This film directed by Bobby Farrelly has elements that recall “Kingpin” and “There’s Something About Mary.” But the ratio of tastelessness to sentimentality has been reversed.
Send any friend a story
As a subscriber, you have 10 gift articles to give each month. Anyone can read what you share.
By Ben Kenigsberg
When you purchase a ticket for an independently reviewed film through our site, we earn an affiliate commission.
As “Dumb and Dumber” (1994) nears its 30th anniversary, its directors, Peter and Bobby Farrelly, have settled into what might regrettably be called a “mature phase.”
The sibling filmmakers, once the go-to guys for raunchy-sweet comedy in Hollywood, have been making movies separately of late. Peter Farrelly directed “Green Book” (2018), whose best picture Oscar ensured that it will live forever as an exemplar of the academy’s retrogressive taste. Now Bobby Farrelly has turned out his first solo feature, “Champions,” in which an ill-tempered basketball coach is court-ordered to supervise a team of intellectually disabled athletes.
It sounds, in outline, like material the Farrellys would have once treated with blithe irreverence. In “There’s Something About Mary” (1998), Matt Dillon’s character tried to impress Cameron Diaz’s by lying about exactly that kind of community service. And it stars Woody Harrelson, of the brothers’ “Kingpin” (1996). But this time, the ratio of tastelessness to sentimentality has been reversed.
The Projectionist Chronicles the Awards Season
The Oscars aren’t until March, but the campaigns have begun. Kyle Buchanan is covering the films, personalities and events along the way.
Harrelson plays Marcus, an assistant basketball coach in Des Moines. Marcus’s problem, as the head coach he’s worked for (Ernie Hudson) explains, is that he never gets to know his players as people. (“Are we living in ‘Hoosiers’ now?” Marcus asks him, in a lame acknowledgment of the kinds of clichés the movie knows it’s repeating.)
The protagonist’s drunken collision with a parked police car lands him in hot water with a judge (Alex Castillo) nicknamed Hanging Mary, who will let him avoid prison if he coaches the Friends, a Special Olympics team at a recreation center. Marcus initially thumbs his nose at the players, who all have trademark habits. Never showering. Always shooting backward from half-court. Knowing exactly what time a flight from Portland to Chicago should be flying overhead.
But while the Farrellys of three decades ago gleefully cut against the grain of political correctness, Bobby this time seems to have embraced it, making a celebration of sensitivity and empowerment that is kindhearted without ever risking touching a comic third rail. The dispiriting experience of watching “Champions” is slowly realizing that, notwithstanding an off-color line here or there (a player with Down syndrome introduces himself as “your homie with an extra chromie”), it’s exactly the sort of formulaic crowd-pleaser that just about anybody might have directed.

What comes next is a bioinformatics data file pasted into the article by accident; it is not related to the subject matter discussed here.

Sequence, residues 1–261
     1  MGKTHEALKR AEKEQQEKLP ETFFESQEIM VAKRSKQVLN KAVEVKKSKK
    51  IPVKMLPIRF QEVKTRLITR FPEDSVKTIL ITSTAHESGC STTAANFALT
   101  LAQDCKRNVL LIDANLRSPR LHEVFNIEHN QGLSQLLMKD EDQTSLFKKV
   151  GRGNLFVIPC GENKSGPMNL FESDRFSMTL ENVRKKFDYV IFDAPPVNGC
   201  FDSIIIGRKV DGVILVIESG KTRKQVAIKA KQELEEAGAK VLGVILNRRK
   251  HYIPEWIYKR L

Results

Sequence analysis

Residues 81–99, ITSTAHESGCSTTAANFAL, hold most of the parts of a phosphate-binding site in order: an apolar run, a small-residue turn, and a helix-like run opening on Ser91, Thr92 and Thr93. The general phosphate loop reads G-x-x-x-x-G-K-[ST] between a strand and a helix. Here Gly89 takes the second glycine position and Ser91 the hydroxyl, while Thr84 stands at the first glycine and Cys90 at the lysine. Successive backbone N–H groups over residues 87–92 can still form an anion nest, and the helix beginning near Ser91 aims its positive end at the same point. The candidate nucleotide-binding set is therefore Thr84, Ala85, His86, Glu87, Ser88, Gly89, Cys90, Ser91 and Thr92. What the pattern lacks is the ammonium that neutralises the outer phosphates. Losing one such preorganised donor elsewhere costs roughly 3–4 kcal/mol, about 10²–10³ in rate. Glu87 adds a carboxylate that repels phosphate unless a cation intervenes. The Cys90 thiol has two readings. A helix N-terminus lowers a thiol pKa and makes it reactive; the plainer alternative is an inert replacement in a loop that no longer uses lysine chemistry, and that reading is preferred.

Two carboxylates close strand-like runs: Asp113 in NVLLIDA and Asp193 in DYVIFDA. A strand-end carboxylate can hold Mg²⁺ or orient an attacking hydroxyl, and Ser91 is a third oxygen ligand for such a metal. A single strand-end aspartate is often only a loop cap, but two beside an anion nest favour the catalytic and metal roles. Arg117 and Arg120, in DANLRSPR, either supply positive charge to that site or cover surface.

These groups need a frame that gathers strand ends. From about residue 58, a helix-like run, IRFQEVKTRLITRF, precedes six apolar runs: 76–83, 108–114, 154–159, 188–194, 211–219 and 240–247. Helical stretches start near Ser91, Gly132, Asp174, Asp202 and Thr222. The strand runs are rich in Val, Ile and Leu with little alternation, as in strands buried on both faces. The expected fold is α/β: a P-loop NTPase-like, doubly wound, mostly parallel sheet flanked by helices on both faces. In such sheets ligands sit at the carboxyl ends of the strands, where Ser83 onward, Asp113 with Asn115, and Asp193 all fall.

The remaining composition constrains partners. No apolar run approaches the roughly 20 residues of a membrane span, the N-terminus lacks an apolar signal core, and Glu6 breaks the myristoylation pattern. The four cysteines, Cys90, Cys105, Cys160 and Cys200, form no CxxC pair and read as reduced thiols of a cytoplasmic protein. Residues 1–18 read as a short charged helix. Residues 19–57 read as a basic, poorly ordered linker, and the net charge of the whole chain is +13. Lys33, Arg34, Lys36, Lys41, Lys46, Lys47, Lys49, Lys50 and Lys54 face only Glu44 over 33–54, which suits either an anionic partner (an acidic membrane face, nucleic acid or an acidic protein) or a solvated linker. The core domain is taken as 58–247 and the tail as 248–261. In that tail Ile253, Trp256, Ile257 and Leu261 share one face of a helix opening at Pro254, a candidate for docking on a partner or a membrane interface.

In fact, someone has: This is a remake of “Campeones,” a generally dire 2018 movie from Spain that won the top prize at the country’s Goya Awards but went unreleased theatrically here. The new screenplay, by Mark Rizzo, sticks closely to the original, though most of the changes (amping up the Marcus character’s mercenary careerism, revising a subplot about his love life) are improvements. The new version is certainly better-made and doesn’t gawk as cruelly at the Friends.
The best case for “Champions” is made by the actors who play them, especially Madison Tevlin as the brassy Cosentino, the team’s sole female player, and Kevin Iannucci as Johnny, the shower resister. Conveniently, Johnny turns out to be the brother of an actress (Kaitlin Olson) whom Harrelson, before getting his assignment, had previously hooked up with on Tinder.
If the romance thread gets the job done, Farrelly can’t do much with the sports movie tropes. Endless montages and near-random, what-decade-is-this? song choices (“Hey Ya!,” “Unbelievable”) chart the team’s progress. Marcus delivers a big-game locker room speech in which he tells the players that, win or lose, they are already champions, because of what they put up with every day. Depressingly, it’s not a joke.
Rated PG-13. Drunken driving, sexual innuendo. Running time: 2 hours 3 minutes. In theaters.
Site Information Navigation
Source: Read Full Article